How To Get Rid Of Grasshoppers In Your Garden


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Wondering how to get rid of grasshoppers in your garden?

Grasshoppers are a common pest found throughout the world. When their numbers get too high they can pose a real problem to your plants. The good news is they can be controlled with natural methods such as diatomaceous earth, neem oil, and natural predators.

Let’s take a look at grasshoppers more closely and see if they are a pest you need to deal with or not.

North American has about 600 species of grasshoppers.

But only a small number of these cause significant damage to crops.

Even in the smaller group, their numbers have to be quite large to cause a lot of damage.

How To Control Grasshoppers In Your Garden text overlaid on a photo of a green grasshopper on a brown leaf

Grasshoppers provide a natural food source to many other insects and animals including spiders, snakes, lizards, birds, and toads.

If you are only seeing a few grasshoppers in your garden there is no need to start going after them heavily.

However, using more gentle prevention measures suggested below such as row covers, and attracting natural predictors is always a good idea.

Identification

Tan colored grasshopper sitting on a blade of grass.
Tan colored grasshopper sitting on a blade of grass.

Adult grasshoppers are green to brown in color and can grow as long as 1 3/4 inches (4.44 cm). They have narrow bodies with long, angled hind legs. These legs give them a powerful jumping ability.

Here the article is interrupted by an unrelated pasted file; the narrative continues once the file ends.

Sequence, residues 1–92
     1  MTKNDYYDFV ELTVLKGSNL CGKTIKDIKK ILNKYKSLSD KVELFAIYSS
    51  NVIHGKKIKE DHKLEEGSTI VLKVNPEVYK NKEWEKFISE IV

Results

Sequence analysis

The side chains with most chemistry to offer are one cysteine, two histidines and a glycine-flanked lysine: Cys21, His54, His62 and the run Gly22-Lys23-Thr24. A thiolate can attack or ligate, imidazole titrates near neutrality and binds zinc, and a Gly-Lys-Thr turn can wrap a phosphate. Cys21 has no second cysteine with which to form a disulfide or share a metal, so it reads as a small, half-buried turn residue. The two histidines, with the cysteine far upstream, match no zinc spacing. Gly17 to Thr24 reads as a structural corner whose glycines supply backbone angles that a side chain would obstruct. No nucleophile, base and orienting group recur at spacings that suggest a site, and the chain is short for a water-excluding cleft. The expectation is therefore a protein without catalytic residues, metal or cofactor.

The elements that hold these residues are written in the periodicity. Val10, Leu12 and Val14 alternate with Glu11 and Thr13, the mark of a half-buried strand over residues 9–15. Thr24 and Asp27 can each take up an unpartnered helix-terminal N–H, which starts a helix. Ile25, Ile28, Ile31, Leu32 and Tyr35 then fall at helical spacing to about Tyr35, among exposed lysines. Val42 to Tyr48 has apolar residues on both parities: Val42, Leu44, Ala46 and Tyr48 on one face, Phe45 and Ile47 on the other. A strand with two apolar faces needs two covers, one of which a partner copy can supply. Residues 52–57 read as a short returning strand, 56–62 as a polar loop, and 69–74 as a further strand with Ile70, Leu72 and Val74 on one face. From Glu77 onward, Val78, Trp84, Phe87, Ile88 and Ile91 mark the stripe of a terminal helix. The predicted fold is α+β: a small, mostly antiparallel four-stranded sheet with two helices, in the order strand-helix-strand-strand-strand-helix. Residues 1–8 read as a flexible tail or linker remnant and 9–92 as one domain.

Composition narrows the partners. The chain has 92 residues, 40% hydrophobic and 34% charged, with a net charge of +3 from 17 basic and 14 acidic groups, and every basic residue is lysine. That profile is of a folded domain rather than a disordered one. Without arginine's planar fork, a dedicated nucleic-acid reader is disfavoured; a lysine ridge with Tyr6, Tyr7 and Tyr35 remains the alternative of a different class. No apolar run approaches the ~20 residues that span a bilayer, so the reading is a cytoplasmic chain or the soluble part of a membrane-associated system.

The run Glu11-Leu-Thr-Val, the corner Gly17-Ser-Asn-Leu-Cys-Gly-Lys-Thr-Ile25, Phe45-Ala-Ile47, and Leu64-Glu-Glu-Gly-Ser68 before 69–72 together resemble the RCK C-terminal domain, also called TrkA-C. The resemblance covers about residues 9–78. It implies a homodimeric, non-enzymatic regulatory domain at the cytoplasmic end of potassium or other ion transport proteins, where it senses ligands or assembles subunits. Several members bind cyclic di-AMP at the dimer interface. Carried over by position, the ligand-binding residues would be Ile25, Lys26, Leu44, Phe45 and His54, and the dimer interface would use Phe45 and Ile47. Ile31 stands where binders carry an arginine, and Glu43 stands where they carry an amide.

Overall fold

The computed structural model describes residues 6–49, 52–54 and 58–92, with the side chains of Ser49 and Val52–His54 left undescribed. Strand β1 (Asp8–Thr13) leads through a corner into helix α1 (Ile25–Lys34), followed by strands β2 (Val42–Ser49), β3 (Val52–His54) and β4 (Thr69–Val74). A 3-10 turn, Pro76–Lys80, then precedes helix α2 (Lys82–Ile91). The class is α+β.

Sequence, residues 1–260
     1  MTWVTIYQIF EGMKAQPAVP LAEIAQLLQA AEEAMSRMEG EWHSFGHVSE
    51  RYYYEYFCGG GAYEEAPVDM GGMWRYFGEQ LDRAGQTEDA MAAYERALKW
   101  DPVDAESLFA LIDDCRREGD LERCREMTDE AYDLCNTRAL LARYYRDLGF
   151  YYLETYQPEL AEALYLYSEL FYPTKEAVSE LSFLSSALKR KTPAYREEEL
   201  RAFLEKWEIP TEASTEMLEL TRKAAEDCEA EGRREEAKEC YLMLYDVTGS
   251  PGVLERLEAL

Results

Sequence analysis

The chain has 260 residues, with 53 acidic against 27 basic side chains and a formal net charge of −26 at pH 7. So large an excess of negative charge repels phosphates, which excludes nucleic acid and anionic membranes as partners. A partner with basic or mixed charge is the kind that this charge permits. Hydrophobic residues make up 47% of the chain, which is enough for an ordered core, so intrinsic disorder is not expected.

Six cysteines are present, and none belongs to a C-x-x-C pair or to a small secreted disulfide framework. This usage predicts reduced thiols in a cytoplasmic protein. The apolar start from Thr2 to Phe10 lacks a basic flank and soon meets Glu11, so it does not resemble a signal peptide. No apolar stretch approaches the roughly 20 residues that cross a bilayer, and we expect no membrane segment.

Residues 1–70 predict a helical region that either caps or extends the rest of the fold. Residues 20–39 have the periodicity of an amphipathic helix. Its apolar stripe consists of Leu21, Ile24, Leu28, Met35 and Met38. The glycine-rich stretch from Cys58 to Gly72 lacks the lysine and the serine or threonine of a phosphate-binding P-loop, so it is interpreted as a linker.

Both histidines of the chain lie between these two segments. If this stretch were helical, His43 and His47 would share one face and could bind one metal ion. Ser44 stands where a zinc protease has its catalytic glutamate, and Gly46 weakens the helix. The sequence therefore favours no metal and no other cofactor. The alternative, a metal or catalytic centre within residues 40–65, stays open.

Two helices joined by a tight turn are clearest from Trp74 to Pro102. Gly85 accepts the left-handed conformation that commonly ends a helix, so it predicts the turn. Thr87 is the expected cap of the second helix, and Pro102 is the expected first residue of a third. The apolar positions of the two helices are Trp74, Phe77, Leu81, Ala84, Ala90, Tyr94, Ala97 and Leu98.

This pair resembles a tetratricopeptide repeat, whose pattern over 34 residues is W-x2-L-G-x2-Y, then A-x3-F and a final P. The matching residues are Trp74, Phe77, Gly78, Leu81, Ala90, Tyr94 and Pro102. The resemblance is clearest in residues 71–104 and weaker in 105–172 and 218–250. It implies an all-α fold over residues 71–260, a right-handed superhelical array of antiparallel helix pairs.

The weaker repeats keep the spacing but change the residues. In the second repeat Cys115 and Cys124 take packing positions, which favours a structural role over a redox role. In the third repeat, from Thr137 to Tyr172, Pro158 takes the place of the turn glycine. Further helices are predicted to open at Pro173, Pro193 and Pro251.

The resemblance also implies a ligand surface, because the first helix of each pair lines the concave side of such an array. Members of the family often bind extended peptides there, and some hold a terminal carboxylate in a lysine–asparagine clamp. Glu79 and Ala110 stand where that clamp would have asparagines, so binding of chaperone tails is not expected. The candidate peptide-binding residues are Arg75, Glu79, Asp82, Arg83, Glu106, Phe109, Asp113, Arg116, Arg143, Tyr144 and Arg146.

They have large heads with big eyes and large chewing mouths. The adults also have wings and can be seen flying in your garden.

While young grasshoppers are similar in appearance, they don’t have wings and are white in color when they first hatch.

Lifecycle

For two weeks after breeding grasshoppers lay their eggs in the soil near the end of summer.

The female digs a hole in the dirt and then lays a cluster of eggs that she then covers in a foamy secretion that hardens to form a pod.

The number of eggs laid at once can range from 8 to 150. They start to develop in their pod as long as the temperatures say above 50 F (10 C). When the weather becomes too cold they go dormant over the winter and will finish growing in the spring.

Right after hatching (normally early May to mid-June) the grasshopper nymphs start eating plants. As they grow and run out of food in the area they hatched they start to spread into new areas.

When they first hatch the baby grasshoppers or nymphs are 0.2 inches (5 mm) in size and look a lot like an adult grasshopper except they don’t have wings.

It takes about 2 months for grasshoppers to reach their adult stage. But either way, they will keep eating heavily each day until they are killed by the cold of winter.

When populations become high the stress can cause some grasshopper species to undergo changes to their bodies.